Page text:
So my question is this. To what extent do you think that the Republican Party elites use this idea of Hispanic outreach in order to—you know, when you know that the newly arrived Hispanics tend to be overwhelmingly Democrat when they can become citizens and vote, that is truthfully—is real? Or, to what extent is it really a fig leaf for their cover for their Wall Street interests and their big corporate interests who favor mass immigration, and so they use it to suppress the debate and as an excuse to favor things like amnesty and stuff?
STEVEN CAMAROTA: Let me briefly answer it, and then I’ll let the rest of the panel. I think the Republicans are sincere that they want to do better with minority voters. I think their problem is that they are listening to other elites and not the American people. There is no compelling evidence that Hispanics, for example, overwhelmingly favor an amnesty. Now, obviously it’s a question of question wording, and so forth, in a survey, but clearly Hispanics have diverse views on immigration. A very significant share would like less; a very significant share would like the law enforced. But what is the case is that Hispanic elites in the United States are overwhelmingly in favor of high immigration and relatively little enforcement, and so that’s what I think the Republicans are listening to and which may be an enormous mistake. If they want to get Hispanics, they really especially want to get sort of conservative to middle-of-the-road Hispanics, it’s not clear that embracing mass immigration is the way to do it. In fact, the evidence is on the other side. But, again, it’s hard to hear that because you have this elite-common person divide. You have it in the general public; you have it among whites; you have it among blacks, and you especially have it among Hispanics where the diversity of views of Hispanics on the issue of immigration is in no way reflected in Hispanic leadership in Congress, in the major advocacy groups, and so forth, and I think that’s the central issue there.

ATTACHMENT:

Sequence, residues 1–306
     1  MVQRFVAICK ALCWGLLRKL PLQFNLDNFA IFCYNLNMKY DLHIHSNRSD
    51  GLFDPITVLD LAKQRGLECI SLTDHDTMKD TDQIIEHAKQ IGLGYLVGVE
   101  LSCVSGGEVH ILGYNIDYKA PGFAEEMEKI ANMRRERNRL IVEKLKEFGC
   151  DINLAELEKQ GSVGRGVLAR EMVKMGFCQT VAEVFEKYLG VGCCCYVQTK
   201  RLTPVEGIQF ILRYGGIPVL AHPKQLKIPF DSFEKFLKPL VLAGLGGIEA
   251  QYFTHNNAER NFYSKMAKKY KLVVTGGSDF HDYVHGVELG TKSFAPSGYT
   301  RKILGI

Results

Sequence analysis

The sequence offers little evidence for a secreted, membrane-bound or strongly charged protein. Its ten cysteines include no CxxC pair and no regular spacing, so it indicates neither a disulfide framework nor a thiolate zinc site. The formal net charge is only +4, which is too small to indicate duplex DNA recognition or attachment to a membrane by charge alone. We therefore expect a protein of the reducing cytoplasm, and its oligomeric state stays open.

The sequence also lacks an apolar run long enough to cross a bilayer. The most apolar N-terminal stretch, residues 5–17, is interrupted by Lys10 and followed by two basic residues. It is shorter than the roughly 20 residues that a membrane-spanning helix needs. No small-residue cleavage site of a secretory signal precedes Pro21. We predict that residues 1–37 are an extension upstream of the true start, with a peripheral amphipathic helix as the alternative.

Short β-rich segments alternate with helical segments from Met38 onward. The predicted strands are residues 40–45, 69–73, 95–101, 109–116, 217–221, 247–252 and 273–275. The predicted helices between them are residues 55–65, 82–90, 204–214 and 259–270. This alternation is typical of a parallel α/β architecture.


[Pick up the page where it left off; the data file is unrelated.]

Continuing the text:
SCOTT RASMUSSEN: First of all, when I say that elite opinion differs from the public opinion, I tend to look towards the public as having more common sense. I don’t necessarily jump to the conclusion that you did in that question by saying, therefore, the elites are using something as a fig leaf for an excuse. I think they can very sincerely hold those beliefs and not have heard other views.
I mean, I mentioned in the very beginning that I did work with term limits groups, and there are politicians today in states that have term limits that continue to believe they are unpopular with voters and that all they have to do is put it back on the ballot again and voters will change their mind. And the reason they hear that is because they are talking to other term-limited legislators who don’t like the idea. So the fact that an elite group has this view doesn’t necessarily mean they’re using it as an excuse. I think it’s a sincere perspective.